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Stage 6: PCB Surface Finishing

Surface finishing refers to the finish of all exposed solder pads on the PCB surface.

There are a wide variety of surface finishes available but the most commonly used are HASL (Hot Air Solder Levelling) and ENIG (Electroless Nickel Immersion Gold).

Hot Air Solder Levelling (HASL)

Hot air solder levelling is available as both leaded or lead free (RoHS compliant) alloy and is applied by immersing the PCB panel into a deep, molten solder pot and then withdrawing it at a controlled rate between two hot air knives. The PCB is fluxed prior to immersion to aid solder whetting and the panel is completely coated in solder as it is removed from the solder pot. The high temperature and pressure of the air being emitted at the tip of the air knives effectively removes all excess solder from the solder resist surfaces of the board as it passes between them, leaving all the previously exposed copper areas coated with a bright, level solderable finish. The board is then cooled before being processed through a cleaning line to remove any remaining flux residues ensuring a clean dry board for the next stage of processing.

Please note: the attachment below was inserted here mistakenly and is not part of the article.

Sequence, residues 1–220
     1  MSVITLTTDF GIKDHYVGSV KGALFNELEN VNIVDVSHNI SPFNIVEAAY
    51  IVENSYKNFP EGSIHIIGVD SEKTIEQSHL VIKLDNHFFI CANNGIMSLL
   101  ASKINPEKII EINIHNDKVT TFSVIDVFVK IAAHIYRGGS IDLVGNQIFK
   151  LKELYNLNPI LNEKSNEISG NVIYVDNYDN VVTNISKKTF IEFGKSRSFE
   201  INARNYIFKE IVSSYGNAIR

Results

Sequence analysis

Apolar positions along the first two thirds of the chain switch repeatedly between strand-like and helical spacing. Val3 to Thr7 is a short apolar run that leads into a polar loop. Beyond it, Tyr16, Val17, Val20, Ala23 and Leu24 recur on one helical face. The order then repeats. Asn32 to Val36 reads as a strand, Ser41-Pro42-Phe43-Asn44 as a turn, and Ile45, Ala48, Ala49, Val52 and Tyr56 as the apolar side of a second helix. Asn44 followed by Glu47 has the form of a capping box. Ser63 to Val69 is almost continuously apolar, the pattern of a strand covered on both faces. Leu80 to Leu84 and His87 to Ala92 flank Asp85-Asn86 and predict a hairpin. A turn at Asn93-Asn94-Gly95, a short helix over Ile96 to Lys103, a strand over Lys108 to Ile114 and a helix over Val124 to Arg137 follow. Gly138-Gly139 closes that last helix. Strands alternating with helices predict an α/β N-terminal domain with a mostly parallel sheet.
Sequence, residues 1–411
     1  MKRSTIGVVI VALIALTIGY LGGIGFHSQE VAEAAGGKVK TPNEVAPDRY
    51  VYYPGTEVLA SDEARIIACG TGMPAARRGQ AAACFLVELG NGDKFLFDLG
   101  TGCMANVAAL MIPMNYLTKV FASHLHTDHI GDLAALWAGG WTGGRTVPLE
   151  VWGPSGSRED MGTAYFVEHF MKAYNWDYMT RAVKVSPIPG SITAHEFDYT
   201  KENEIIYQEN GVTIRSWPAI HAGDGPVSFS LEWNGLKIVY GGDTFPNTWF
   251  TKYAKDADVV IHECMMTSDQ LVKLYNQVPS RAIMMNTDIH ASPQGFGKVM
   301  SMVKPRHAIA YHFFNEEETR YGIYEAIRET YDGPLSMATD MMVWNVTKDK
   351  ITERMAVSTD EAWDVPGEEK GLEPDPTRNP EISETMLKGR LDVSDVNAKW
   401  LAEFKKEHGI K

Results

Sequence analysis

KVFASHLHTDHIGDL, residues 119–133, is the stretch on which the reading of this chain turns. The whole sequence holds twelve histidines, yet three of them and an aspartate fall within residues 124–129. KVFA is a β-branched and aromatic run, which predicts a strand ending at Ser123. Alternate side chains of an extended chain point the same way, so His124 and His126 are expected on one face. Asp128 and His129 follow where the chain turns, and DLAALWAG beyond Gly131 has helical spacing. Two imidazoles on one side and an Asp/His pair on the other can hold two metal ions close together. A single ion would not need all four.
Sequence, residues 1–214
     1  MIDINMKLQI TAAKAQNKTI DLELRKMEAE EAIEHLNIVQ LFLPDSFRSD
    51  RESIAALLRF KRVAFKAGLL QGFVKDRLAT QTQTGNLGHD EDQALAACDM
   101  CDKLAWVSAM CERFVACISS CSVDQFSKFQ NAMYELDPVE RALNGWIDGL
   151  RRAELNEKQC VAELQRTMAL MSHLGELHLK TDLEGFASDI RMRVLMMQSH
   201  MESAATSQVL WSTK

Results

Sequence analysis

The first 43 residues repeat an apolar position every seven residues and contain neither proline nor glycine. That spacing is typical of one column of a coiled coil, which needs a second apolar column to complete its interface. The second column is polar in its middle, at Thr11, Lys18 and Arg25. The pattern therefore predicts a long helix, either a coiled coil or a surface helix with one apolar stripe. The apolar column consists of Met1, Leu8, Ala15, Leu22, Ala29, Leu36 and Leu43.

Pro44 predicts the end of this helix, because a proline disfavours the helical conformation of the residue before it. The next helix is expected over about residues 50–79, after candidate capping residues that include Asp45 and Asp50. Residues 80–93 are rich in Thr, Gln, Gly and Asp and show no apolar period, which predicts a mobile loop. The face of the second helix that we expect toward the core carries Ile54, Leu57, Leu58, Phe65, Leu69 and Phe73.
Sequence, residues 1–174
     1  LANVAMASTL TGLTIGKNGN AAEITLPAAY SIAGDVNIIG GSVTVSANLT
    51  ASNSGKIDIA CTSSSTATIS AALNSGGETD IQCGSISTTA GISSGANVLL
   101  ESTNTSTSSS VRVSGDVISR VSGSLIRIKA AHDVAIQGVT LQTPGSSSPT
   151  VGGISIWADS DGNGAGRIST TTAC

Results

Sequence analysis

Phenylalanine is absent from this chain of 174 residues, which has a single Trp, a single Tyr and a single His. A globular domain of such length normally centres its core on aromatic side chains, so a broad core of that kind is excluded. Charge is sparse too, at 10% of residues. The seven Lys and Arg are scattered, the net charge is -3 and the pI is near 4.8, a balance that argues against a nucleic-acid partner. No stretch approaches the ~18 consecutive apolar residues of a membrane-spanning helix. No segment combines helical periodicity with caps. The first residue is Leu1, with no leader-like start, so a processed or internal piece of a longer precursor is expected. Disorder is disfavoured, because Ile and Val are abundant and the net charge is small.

Electroless Nickel Immersion Gold (ENIG)

ENIG is a flat RoHS compliant finish and is commonly applied to PCBs which incorporate surface mount and fine pitch BGA component technology. A very thin layer of gold (0.08 – 0.1microns) is deposited over 3-5 microns nickel providing and exceptionally flat and highly solderable finish. The process is electroless meaning that metal deposition takes place as the result of chemical interaction within the process and without the need for applying an electrical current to the solution or the panel to form a deposit.
As gold is a precious metal ENIG is more expensive than HASL and this should be taken into consideration when specifying the finish of your PCB. However, for high reliability, long life products ENIG is typically specified as standard.